Sister Teresa Doherty has done her time. Yet after 40 years, she isn’t looking to get out any time soon.

Sister Teresa of the Religious Sisters of Charity has accompanied countless incarcerated youth as the Catholic chaplain at Los Padrinos Juvenile Hall in southeast Los Angeles (Downey). Last month, the Los Angeles Probation Department presented Sister Teresa with a plaque for her 40 years of service.

She was the first Catholic chaplain at Los Padrinos and is likely the longest serving chaplain at any detention center in the United States.

“You know, the time goes by and you’re there and the volunteers are there and the work is to be done,” she told The Tidings. “I have good health, thank God, and so I’m able to continue.”

Sister Teresa didn’t even know Los Padrinos existed when she first arrived in California in 1958, after professing her final vows with the Religious Sisters of Charity in Dublin, Ireland. She taught in San Fernando Valley schools and even back in Ireland for years before settling into prison ministry at Los Padrinos.

Today about 50 of Los Padrinos’ 220 youth are involved in Catholic ministries. With the help of some 150 volunteers, Sister Teresa is able to offer Sunday Mass and Bible studies on Sundays and Wednesdays. Three priests visit the facility each week to hear confessions and offer spiritual direction. Sister Teresa also offers preparation for the sacraments.

The youth who are involved in Los Padrinos’ Catholic ministry come from a variety of backgrounds; some haven’t been to church in years and others don’t know what the Catholic Church is about and are just plain curious. Regardless, Sister Teresa is there to listen to their stories and support them during their time at Los Padrinos.

Sister Teresa has witnessed many changes — some good, some bad. She refers to her first years as “a glorious time” when she and her volunteers could minister to the youth any time during the day. Under new regulations, Sister Teresa and her team are only allotted about three hours with the youth after school each day.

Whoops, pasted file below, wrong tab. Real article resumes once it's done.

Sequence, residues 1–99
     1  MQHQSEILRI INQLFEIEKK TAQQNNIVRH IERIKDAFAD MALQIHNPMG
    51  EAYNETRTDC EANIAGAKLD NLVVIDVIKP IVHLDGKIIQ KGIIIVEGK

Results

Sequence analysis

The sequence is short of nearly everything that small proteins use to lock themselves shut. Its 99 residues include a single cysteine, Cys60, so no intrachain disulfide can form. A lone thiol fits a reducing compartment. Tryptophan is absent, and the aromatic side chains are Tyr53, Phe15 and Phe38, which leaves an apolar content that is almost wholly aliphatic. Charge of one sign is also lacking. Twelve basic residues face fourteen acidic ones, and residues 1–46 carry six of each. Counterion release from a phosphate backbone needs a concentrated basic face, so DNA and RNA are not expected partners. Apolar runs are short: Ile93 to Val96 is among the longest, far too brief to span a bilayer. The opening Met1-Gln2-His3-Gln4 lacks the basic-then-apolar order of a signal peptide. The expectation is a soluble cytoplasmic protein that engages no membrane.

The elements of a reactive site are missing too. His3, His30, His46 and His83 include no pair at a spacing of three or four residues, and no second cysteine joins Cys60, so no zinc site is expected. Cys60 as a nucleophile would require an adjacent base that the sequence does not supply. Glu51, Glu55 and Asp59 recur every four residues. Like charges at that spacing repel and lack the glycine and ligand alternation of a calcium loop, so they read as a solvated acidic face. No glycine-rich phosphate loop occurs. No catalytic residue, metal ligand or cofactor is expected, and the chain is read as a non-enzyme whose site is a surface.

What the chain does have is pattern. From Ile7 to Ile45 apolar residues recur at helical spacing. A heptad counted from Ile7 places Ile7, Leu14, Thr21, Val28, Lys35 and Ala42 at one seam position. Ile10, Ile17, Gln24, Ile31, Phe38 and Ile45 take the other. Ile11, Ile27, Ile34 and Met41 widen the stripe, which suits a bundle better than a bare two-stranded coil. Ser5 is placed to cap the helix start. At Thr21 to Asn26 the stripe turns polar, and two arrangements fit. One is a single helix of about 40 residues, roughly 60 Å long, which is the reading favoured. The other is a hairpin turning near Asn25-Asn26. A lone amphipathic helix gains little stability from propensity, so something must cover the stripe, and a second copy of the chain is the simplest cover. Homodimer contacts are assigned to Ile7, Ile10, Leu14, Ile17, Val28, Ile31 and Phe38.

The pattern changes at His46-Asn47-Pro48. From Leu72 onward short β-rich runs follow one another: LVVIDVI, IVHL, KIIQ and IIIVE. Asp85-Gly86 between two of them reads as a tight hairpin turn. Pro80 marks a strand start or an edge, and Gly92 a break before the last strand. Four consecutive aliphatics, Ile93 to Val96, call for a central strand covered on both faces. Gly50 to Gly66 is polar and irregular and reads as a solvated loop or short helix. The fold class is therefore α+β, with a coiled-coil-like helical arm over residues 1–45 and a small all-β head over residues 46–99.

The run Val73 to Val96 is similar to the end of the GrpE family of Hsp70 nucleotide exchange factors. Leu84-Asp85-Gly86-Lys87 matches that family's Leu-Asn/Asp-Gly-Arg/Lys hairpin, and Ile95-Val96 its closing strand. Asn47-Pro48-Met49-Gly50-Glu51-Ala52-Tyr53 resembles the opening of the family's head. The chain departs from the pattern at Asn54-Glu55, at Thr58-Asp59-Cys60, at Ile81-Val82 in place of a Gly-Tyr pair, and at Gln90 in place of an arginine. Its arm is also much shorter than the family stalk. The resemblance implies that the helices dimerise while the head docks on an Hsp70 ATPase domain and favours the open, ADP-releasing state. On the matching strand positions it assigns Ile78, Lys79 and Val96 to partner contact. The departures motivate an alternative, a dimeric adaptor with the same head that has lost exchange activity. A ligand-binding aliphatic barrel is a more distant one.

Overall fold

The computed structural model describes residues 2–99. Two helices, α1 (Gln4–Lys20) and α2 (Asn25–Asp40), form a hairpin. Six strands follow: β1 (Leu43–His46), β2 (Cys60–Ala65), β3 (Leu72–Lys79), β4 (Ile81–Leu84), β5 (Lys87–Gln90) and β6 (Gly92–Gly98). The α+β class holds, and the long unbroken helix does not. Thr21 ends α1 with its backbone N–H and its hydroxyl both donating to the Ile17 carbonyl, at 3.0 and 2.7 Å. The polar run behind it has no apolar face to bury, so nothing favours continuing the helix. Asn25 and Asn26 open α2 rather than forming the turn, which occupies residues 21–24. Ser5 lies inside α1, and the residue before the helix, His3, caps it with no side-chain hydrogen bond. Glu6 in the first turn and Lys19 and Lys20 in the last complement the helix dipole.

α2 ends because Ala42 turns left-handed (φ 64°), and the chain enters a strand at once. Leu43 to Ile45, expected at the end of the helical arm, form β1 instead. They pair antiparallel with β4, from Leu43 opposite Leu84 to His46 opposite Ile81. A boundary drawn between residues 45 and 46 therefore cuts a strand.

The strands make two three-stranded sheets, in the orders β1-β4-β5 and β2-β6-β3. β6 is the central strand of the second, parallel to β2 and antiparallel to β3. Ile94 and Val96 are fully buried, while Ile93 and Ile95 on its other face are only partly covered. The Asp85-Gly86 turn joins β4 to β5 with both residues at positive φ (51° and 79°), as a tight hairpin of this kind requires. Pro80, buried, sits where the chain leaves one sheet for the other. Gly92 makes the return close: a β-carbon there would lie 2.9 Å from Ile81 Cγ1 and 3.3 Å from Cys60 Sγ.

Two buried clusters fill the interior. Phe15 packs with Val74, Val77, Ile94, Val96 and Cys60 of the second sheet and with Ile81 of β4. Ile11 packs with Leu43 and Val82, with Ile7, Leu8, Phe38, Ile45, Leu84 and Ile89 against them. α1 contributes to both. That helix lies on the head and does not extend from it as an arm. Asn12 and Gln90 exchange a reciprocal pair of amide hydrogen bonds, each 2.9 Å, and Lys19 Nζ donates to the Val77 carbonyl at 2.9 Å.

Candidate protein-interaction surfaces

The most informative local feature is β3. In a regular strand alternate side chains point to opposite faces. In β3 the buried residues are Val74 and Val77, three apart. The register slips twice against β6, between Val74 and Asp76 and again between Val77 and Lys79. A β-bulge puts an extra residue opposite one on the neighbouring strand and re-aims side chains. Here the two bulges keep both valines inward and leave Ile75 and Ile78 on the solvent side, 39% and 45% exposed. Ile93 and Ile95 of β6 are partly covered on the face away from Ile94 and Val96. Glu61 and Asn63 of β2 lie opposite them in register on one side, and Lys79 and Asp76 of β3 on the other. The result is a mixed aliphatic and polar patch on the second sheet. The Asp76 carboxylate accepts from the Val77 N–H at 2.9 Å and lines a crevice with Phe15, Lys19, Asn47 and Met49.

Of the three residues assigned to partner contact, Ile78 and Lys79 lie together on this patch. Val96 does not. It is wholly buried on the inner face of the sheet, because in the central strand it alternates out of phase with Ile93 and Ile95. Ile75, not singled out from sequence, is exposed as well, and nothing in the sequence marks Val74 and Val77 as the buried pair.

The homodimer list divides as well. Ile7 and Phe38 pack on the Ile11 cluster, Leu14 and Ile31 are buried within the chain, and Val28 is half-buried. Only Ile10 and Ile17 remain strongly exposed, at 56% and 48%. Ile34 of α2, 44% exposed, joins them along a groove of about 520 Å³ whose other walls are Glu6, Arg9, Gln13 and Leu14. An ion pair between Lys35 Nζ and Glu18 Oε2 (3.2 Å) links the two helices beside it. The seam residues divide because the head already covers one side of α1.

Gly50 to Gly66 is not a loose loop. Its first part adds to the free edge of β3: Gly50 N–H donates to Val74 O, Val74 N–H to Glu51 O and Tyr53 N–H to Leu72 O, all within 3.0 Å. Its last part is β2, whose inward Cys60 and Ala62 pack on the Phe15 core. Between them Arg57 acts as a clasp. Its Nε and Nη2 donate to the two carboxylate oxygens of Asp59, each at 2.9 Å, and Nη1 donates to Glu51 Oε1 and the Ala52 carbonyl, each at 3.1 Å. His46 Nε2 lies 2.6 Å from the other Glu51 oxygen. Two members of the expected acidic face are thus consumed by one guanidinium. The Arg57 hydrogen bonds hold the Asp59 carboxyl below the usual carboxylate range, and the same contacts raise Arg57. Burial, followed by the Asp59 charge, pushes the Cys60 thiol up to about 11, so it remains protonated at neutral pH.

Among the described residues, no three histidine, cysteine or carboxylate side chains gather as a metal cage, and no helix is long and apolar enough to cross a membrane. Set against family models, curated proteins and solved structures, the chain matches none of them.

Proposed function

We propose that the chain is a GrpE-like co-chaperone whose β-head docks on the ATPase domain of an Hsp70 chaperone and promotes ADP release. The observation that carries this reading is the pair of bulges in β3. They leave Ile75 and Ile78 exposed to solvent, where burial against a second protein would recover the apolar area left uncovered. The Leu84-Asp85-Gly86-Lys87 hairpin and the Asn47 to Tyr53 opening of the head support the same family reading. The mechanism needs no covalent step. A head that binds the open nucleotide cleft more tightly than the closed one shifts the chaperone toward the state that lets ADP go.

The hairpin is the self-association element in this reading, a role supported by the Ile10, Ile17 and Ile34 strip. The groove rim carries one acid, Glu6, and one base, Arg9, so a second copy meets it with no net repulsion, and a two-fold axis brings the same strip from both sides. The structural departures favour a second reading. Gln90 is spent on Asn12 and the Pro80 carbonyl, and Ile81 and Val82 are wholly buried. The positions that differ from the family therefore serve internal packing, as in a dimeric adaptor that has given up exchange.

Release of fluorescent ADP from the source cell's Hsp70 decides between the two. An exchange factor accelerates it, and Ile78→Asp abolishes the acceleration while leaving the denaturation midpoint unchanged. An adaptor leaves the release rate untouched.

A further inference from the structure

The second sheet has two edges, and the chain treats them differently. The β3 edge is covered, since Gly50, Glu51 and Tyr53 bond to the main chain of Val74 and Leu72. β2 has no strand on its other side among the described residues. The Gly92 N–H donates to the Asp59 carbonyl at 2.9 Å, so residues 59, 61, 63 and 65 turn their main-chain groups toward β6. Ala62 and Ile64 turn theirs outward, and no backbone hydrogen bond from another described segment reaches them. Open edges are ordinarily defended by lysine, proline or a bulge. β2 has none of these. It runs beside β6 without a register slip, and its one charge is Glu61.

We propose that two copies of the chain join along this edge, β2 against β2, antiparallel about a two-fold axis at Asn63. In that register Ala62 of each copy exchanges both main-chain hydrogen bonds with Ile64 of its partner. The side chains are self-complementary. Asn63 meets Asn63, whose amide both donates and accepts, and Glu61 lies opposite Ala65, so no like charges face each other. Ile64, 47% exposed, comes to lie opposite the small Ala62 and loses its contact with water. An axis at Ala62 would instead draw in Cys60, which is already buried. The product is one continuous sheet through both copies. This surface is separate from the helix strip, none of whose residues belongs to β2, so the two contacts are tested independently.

She is also troubled by obvious racial bias in youth incarceration. Hispanics make up more than half of Los Padrinos’ 220 youth, while most of the other half is black.

“There can be a bias in the way kids are being incarcerated,” Sister Teresa warned. “[Authorities] are too quick to arrest them and bring them in.”

She said several young people have served a mandatory 72 hours before going to court — only to be released because of a misunderstanding. Sister Teresa suggested the United States adopt an approach of restorative justice in dealing with minor offenses.

She said several countries bring the victims and the perpetrators together outside of court to make amends with the help of a moderator. The money saved from avoiding court and attorney fees can be put toward after-school programs, she said.

But overall, the number of young people at Los Padrinos has dropped significantly since Sister Teresa began her ministry. She said there were some 700 youth when she started. Sister Teresa credited the drop to a growing number of programs that support young people who have served time in juvenile halls.

Sister Teresa is also pleased with the attention Pope Francis has drawn to prison ministry. The pope has washed the feet of prisoners during every Holy Thursday Mass of his pontificate. He also frequently prioritizes prison visits during papal trips.

In March, the pope visited a prison in Naples and reminded inmates that God is rich in mercy and love.

“I think it’s a new day for the Church,” she said.

Sister Teresa seems to be following in the footsteps of Venerable Mary Aikenhead, who founded the Religious Sisters of Charity in 1815 in Dublin to serve the suffering poor. Mother Mary Frances and her sisters were reportedly the first women religious to visit prisoners in Ireland.